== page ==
YMMV / Rudyard Kipling

  • Alternate Character Interpretation: A common trick of Kipling's was to follow up a short story with a poem looking at it from the point of view of a secondary character or villain. The results can be startlingly different - compare 'The Knife and the Naked Chalk' to 'The Song of the Men's Side'.
    • Kipling's poems themselves are subject to alternative interpretations, especially noticeable when they are read aloud. For example, The White Man's Burden can be read as either a paean to imperialism or an ironic deconstruction of it.
    • "If any question why we died // Tell them, because our fathers lied." Considering it was pressure from himself that got his son into the service for World War I (and subsequently killed) despite lack of fitness, this may be self-reflection and personal regret.
  • Fair for Its Day: "The White Man's Burden" was at least this. It may seem shallow and racist today (and it kinda is), but it does not advocate the cruel treatment many of the natives in Africa or Asia received, and urges imperialism to be treated as a humanitarian method of introducing them to English culture. It also treats European supremacy as being a historical accident rather than an inevitable result of intrinsic superiority (a theme running through much of his work), unlike many contemporaries. Also, by Kipling's day The British Empire was already a fact (and had passed its zenith, which he was well aware of). The question was not the right or wrong of establishing it but of what to do with it. While triumphalism was hardly missing, the point of With Great Power Comes Great Responsibility is also often present.
    • Similarly, "We and They" mocks xenophobia by making the "expositor" himself hilariously immature.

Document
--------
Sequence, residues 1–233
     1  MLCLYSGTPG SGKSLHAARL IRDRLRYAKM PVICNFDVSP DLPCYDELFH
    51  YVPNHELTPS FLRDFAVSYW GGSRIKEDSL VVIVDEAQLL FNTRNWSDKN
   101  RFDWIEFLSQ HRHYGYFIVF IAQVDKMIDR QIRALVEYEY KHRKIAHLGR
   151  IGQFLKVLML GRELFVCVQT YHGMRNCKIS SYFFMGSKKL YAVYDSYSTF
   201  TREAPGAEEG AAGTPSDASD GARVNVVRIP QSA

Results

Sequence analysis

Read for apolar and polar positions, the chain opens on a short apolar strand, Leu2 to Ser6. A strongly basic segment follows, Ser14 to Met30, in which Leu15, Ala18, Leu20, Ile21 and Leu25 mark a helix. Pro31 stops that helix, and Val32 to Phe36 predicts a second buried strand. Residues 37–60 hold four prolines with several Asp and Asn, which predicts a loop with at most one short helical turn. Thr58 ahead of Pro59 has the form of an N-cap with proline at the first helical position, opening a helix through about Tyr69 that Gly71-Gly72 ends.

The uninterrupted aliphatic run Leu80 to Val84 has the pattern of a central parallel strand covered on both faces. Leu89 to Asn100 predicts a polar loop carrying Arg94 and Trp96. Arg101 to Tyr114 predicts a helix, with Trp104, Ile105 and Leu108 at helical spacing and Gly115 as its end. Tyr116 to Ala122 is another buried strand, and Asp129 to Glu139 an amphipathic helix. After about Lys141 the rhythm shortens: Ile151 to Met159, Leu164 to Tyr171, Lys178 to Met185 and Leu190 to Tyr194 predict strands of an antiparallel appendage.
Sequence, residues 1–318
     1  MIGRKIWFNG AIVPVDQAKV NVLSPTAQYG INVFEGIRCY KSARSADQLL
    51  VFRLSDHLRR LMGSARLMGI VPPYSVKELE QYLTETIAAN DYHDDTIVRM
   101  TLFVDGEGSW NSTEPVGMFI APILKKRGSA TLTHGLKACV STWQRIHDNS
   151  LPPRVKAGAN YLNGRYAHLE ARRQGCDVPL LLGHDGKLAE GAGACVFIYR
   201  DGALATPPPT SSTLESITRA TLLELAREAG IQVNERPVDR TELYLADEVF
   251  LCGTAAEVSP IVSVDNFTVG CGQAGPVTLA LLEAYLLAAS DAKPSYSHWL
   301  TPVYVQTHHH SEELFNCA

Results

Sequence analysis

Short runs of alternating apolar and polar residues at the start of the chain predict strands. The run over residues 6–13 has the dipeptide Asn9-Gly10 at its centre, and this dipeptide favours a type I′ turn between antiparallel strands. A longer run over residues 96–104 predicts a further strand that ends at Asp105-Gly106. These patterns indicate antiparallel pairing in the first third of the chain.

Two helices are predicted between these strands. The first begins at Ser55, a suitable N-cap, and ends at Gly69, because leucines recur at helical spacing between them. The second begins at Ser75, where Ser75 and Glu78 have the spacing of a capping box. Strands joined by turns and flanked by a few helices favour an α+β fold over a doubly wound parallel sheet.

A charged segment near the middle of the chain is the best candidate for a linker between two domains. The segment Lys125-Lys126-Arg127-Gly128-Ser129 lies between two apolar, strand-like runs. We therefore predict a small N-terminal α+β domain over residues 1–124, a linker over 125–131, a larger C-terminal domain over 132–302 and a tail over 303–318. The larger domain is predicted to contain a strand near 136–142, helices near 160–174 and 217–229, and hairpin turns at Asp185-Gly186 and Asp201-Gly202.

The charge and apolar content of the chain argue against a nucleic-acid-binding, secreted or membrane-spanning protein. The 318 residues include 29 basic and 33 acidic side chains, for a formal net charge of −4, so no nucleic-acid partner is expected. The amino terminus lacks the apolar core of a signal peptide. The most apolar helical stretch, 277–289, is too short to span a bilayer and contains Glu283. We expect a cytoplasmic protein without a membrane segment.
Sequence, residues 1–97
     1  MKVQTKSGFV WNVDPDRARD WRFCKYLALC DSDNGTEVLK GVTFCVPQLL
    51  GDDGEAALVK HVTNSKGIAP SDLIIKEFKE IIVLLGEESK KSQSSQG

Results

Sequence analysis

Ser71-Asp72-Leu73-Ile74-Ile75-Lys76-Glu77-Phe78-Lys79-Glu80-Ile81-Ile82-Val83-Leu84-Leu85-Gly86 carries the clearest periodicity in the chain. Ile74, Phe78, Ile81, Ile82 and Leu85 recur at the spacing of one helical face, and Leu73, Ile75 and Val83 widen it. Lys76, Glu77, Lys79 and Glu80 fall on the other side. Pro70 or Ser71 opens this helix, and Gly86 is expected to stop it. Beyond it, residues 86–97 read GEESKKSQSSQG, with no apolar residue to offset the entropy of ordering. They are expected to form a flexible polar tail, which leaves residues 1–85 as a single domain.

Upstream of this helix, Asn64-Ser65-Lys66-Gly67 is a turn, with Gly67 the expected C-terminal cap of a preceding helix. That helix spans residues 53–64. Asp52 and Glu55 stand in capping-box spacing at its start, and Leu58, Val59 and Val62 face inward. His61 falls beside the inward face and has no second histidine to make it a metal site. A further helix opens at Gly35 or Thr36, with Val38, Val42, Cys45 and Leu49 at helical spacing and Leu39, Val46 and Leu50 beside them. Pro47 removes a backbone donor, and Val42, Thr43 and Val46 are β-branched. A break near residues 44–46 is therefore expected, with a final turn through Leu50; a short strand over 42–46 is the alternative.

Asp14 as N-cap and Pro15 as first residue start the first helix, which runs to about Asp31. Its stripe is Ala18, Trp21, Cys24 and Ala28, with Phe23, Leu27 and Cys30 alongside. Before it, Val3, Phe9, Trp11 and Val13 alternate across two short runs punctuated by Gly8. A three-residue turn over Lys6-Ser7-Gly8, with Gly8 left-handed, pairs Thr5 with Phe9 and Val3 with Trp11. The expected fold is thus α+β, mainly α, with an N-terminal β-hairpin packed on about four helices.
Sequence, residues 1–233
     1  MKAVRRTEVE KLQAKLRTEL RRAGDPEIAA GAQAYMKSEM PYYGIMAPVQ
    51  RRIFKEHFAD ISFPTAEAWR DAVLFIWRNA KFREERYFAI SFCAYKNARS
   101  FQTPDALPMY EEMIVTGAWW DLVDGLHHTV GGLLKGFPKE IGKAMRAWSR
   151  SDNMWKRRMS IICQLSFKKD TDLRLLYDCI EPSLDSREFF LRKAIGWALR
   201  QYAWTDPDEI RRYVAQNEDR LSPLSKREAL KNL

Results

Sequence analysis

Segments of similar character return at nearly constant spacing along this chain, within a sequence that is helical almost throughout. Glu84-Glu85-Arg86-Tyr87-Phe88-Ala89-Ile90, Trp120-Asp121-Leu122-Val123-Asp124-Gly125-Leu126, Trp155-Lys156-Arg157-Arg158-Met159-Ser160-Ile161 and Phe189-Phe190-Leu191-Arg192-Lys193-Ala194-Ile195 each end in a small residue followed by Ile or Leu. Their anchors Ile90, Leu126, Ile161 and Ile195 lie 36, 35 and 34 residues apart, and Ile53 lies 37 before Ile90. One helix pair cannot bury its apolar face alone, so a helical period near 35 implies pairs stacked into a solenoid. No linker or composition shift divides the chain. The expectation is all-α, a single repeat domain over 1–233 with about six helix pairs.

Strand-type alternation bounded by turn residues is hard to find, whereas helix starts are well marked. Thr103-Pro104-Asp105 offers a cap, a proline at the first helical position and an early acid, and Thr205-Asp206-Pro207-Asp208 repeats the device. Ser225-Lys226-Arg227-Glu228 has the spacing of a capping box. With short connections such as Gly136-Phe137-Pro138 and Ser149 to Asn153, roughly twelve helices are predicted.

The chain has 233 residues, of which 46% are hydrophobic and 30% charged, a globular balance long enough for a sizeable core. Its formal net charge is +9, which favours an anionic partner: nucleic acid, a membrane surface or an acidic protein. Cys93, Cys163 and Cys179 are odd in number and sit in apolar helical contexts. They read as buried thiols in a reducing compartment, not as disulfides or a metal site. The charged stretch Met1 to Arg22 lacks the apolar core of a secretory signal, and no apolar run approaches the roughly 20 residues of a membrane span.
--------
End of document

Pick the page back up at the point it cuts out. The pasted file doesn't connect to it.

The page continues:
• Misaimed Fandom: Some people thought that The Ballad of the Clampherdown was intended to be serious.
    • Most people miss the irony of "If—" (namely, that if you can do all those things, then you are goddamn Superman), the point being the hideous pressure placed on younger generations by their elders.
  • Older Than They Think: Used at the top power as a polemical tool (The King, In the Neolithic Age). Proto-troll culture (Stalky). Also, Kipling wrote sci-fi. And sketched the lines of the Steam Punk (The King).
    • He may have been the first writer to use the concept of the Tractor Beam. In "As Easy as ABC," when a woman tried to commit suicide to make a political point, the "flying loop" yanked the knife out of her hand.
    • The Junk and the Dhow — "But before, and before, and ever so long before..."
  • True Art: In the Neolithic Age elaborately mocked style flamewars.
    • Lighter and Softer: The Light that Failed:
      Nilghai: It’s a chromo,’ said he,—’a chromo-litholeo-margarine fake!
    • Executive Meddling: The Light that Failed, the same incident.
      Dick: I did him just as well as I knew how, making allowance for the slickness of oils. Then the art-manager of that abandoned paper said that his subscribers wouldn’t like it. It was brutal and coarse and violent,—man being naturally gentle when he’s fighting for his life.They wanted something more restful, with a little more colour. I could have said a good deal, but you might as well talk to a sheep as an art-manager.
  • Values Dissonance: Kipling's frank imperialism may grate on some modern readers. Also, "The Female of the Species" praises women in its way, but on a close read stands in opposition to female suffrage and women holding office (the Edwardian equivalent of that old joke about how "we can't elect a female president because she might have her finger on the big red button at that time of the month").
  • Values Resonance: A Code of Morals was about the heliograph, but its principles are even stronger applied to the modern internet.